Deformation Assessment of Stainless Steel Sheet Using a Shock Tube

Deformation Assessment of Stainless Steel Sheet Using a Shock Tube

Saibal Kanchan Barik, Niranjan Sahoo, Nikki Rajaura
Copyright: © 2020 |Pages: 19
DOI: 10.4018/978-1-7998-1690-4.ch009
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In the present study, a high-velocity sheet metal forming experiment has been performed using a hemispherical end nylon striker inside the shock tube. The striker moves at a high velocity and impacts the sheet mounted at the end of the shock tube. Three different velocity conditions are attained during the experiment, and it helps to investigate the forming behavior of the material at different ranges of velocity conditions. Various forming parameters such as dome height, effective strain distribution, limiting strain, hardness, and grain structure distribution are analysed. The dome height of the material increases monotonically with the high velocity. The effective-strain also follows the similar variation and a bi-axial stretching phenomenon is observed. The comparative analysis with the quasi-static punch stretching process illustrates that the strain limit is increased by 40%-50% after the high-velocity forming. It is because of the inertial effect generated on the material during the high-velocity experiment, which stretches the sheet further without strain localization.
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Austenitic stainless steel has been more desirable for different structural applications, particularly in the field of automotive industries due to its relatively high strength, high formability and increased resistance to corrosion (Campos, Butuc, Gracio, Rocha, & Duarte, 2006), (Chen, Gau, & Lee, 2009). The application of the SS 304L grade steel sheet is vital in many industries. However, its plastic deformation behavior is affected mainly by its various material properties such as strain hardening properties, strain rate sensitivity, and anisotropic ratio (Makkouk et al. 2008), (Talyan, Wagoner, & Lee, 1998). The existing forming properties of the material can be enhanced either by conducting the forming process at higher-temperature or at a higher-strain rate (Stachowicz, Trzepieciński, & Pieja, 2010), (Lichtenfeld, Van Tyne, & Mataya, 2006). To avoid the martensitic transformation and omit the annealing process, the worm forming is useful but, it adds the cost of the forming process and makes the environment unpleasant for the people work on it (Kim, Huh, Bok, & Moon, 2011). Thus, the plastic deformation at a high strain rate becomes more popular for the last two decades (Bronkhorst et al. 2006), (Kim et al. 2011).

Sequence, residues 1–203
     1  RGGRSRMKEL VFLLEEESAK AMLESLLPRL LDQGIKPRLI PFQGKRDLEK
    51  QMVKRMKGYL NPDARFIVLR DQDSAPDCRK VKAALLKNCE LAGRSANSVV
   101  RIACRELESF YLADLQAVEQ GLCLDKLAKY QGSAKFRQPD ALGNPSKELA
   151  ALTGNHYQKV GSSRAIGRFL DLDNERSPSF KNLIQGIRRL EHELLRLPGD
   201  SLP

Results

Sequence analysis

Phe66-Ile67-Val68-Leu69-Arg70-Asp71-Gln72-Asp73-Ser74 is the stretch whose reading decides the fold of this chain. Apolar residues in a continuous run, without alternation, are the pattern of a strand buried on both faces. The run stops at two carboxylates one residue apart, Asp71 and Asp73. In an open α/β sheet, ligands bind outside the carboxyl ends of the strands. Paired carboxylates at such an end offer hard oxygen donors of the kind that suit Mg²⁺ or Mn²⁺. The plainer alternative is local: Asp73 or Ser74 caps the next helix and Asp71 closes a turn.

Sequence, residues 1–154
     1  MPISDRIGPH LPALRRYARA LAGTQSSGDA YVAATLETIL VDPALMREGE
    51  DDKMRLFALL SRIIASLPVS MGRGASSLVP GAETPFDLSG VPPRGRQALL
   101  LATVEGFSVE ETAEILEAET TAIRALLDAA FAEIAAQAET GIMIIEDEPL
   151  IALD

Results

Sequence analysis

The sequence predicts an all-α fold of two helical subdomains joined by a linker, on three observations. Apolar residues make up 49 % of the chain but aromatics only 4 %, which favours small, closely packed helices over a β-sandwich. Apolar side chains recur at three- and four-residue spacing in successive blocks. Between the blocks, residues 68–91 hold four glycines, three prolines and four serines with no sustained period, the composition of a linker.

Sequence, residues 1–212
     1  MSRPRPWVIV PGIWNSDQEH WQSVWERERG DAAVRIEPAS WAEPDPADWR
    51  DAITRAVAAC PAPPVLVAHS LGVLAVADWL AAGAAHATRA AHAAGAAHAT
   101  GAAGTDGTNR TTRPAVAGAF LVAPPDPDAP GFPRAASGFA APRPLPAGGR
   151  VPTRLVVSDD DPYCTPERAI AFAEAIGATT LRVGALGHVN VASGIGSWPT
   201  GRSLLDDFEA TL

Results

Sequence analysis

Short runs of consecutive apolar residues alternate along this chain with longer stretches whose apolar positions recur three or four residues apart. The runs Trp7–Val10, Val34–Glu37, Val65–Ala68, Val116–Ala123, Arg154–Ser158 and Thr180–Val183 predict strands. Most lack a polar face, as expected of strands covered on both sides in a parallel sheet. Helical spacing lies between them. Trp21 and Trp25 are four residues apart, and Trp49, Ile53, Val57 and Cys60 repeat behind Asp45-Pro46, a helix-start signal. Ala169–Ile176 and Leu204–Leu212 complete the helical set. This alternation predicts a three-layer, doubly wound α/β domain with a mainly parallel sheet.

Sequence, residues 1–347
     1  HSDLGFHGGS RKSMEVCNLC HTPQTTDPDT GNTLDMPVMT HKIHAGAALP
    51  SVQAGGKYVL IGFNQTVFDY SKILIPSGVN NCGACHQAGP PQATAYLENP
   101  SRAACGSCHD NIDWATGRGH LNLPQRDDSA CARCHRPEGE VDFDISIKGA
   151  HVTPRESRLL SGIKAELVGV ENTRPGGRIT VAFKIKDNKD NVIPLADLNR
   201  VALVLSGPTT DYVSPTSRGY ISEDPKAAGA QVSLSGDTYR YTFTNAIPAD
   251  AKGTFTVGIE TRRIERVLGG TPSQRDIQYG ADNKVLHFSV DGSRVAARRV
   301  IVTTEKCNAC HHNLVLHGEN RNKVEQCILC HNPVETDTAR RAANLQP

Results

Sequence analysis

In order to characterize the material properties, a quasi-static tensile test and split-Hopkinson pressure bar test are used for so long (Lee, & Lin, 2001), (Gilat, Kuokkala, Seidt, & Smith, 2017). Though the engineering stress and strain data are quite accurate to predict the material properties at the different regimes of strain rate, the uni-axially obtained results restrict their usage during real-time application. It may not be wise to interpolate the uni-axial results for the calculation of the bi-axial properties of the material. Therefore, several types of research have been employed in the field of quasi-static as well as dynamic loading conditions to characterize the bi-axial material properties (Acharya et al. 2019).

Many researchers have used quasi-static bulge testing technology since 1940, and it has become an established experimental technique for the determination of forming limit diagrams of the sheet material (Koç, Billur, & Cora, 2011), (Kaya, 2016). The forming limit diagram (FLD) proposed by Keeler (Keeler, 1989) is one of the major characterization techniques for the prediction of failure of the sheet material and it has been used widely by the sheet metal forming industries to evaluate the formability of the material by minimizing the shop floor trials. There are several standard experimental techniques are also available for the material forming behavior analysis such as Erichsen cup test, limiting dome height (LDH) test and Fukui conical cup test, etc (Logesh, Raja, & Velu, 2015), (Meuleman, Siles, & Zoldak, 1985), (Gerdeen, & Daudi, 1983). These all hydraulic operated experimental facilities enable us to perform the test only in the lower magnitude of strain rate. However, various modification on the simple bulge test has been performed to study the material properties at a higher range of strain rate. Broomhead and Grieve (Broomhead, & Grieve, 1982) used a drop hammer rig to apply pressure loading which helped to determine the FLD of low carbon steel with a strain rate up to 70 s-1. In order to obtain the multi-axial material properties under higher strain rate conditions, Grolleau et al. (Grolleau, Gary, & Mohr, 2008) modified the conventional Split Hopkinson Pressure Bar (SHPB) apparatus as a dynamic bulging device to perform biaxial tests on the material at higher strain rate but, in a limitation, several complexities have been observed in the experimental set up during the experiment (Ramezani, & Ripin, 2010).

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